DEMOCRATS’ RENEWED control over the House of Representatives will offer an opportunity for bipartisan consensus on one of the country’s most pressing topics — and no, it is not infrastructure this time. The past year has seen an unprecedented focus on the technology industry, and last week’s midterm results have opened the door wider to meaningful action.
Many issues under the tech umbrella animate politicians largely along party lines, and Democrats could use their power come January to champion pet progressive causes. Net-neutrality proponents are already discussing the possibility of congressional Democrats holding hearings on the effect of the Federal Communications Commission’s decision to eliminate Obama-era rules, if not crafting a bill to restore those strictures. Others have clamored for a tougher line on digital advertising rules.
These areas need attention, but a Republican Senate could stymie Democrats’ efforts before any bill reached President Trump’s desk — and failed to earn a signature. Legislative energy would be better spent on an issue in which Republicans and companies alike have incentive to engage: privacy.
California’s data-protection rules take effect in 2020. This gives Congress a hard deadline for passing a national privacy framework. Industry has thrown its support behind regulation, hoping a federal law will preempt stricter state rules. Republicans are likely thinking along the same lines. And now, with their majority, Democrats have the leverage to craft rules that do more than knock down California’s law and put only minimal protections in its place.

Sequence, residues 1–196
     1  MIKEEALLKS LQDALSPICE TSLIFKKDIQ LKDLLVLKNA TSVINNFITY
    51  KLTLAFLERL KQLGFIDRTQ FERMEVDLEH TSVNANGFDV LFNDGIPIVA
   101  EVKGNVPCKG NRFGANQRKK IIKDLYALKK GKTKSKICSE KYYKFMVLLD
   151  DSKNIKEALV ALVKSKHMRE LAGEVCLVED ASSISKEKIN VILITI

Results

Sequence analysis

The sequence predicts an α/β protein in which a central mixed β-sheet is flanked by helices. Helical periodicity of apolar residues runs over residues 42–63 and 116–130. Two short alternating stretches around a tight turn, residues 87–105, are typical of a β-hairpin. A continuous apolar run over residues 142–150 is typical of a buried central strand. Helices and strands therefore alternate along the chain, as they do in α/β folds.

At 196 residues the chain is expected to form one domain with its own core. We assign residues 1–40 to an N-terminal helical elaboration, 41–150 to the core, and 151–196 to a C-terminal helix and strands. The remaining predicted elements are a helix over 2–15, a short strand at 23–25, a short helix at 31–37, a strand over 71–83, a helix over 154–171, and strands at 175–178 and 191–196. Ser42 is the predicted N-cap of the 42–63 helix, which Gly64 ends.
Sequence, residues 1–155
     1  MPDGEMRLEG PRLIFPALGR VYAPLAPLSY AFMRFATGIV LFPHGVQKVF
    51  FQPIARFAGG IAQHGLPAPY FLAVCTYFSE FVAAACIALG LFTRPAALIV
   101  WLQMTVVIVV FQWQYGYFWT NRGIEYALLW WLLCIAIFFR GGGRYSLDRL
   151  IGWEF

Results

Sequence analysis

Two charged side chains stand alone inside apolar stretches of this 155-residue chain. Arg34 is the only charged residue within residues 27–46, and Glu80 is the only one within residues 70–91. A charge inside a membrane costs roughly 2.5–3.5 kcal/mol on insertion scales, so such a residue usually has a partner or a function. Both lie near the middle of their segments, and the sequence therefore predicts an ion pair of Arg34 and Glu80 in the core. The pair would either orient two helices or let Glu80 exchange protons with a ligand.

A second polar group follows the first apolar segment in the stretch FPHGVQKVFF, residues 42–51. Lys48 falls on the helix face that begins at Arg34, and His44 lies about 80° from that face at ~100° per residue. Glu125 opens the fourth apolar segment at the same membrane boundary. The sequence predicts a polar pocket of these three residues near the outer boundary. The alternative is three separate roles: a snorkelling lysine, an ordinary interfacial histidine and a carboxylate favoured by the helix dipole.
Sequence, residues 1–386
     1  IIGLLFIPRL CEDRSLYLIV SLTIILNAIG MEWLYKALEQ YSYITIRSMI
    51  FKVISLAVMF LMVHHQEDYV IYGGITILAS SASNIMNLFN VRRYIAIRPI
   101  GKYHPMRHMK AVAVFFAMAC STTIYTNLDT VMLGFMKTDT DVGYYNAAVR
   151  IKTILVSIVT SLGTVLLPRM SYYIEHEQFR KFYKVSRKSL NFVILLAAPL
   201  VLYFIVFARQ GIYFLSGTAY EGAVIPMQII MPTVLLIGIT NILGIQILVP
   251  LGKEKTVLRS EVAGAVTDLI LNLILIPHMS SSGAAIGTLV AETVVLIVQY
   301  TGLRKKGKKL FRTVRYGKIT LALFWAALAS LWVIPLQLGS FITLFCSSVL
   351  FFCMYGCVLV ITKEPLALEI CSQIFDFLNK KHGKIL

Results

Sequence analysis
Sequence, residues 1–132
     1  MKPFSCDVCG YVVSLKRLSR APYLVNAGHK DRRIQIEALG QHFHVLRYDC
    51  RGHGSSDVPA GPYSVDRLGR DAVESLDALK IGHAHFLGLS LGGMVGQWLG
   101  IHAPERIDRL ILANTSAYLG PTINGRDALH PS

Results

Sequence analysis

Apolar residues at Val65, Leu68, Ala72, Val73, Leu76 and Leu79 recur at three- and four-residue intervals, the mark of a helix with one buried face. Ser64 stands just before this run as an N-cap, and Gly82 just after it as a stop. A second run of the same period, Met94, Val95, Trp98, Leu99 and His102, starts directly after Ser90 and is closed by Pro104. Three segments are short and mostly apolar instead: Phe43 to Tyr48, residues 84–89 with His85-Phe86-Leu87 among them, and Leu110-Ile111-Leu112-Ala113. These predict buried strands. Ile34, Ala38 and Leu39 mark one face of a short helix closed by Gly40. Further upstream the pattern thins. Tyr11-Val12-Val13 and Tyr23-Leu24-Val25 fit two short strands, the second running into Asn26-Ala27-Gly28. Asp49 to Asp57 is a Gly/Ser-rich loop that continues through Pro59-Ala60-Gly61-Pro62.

In the coming months, senators and representatives alike may come forward with their own versions of proposed privacy rules. Ideally, the principles at their core will be meaningful consumer consent and minimization of data processing to what is essential for companies to carry out a task. Battle lines may also be drawn over data portability, or the ability of customers to take their information from one service to another, and whether consumers have a private right of action against unauthorized access. In any event, the Federal Trade Commission will need increased authority to issue fines and rules of its own.
Privacy is not the only place legislators could find common ground on tech. Cybersecurity, and election security in particular, could earn increased notice next term. Lawmakers should also continue to work toward ensuring that rural areas have access to broadband. Even the least controversial of these topics is complicated for a layperson; legislators on both sides of the aisle have an interest in resurrecting the Office of Technology Assessment to help them muddle through. Democrats might be wary of handing the president a win with a big bill on a hot-button subject. But addressing some of the digital age’s most urgent problems would be a win for all Americans too.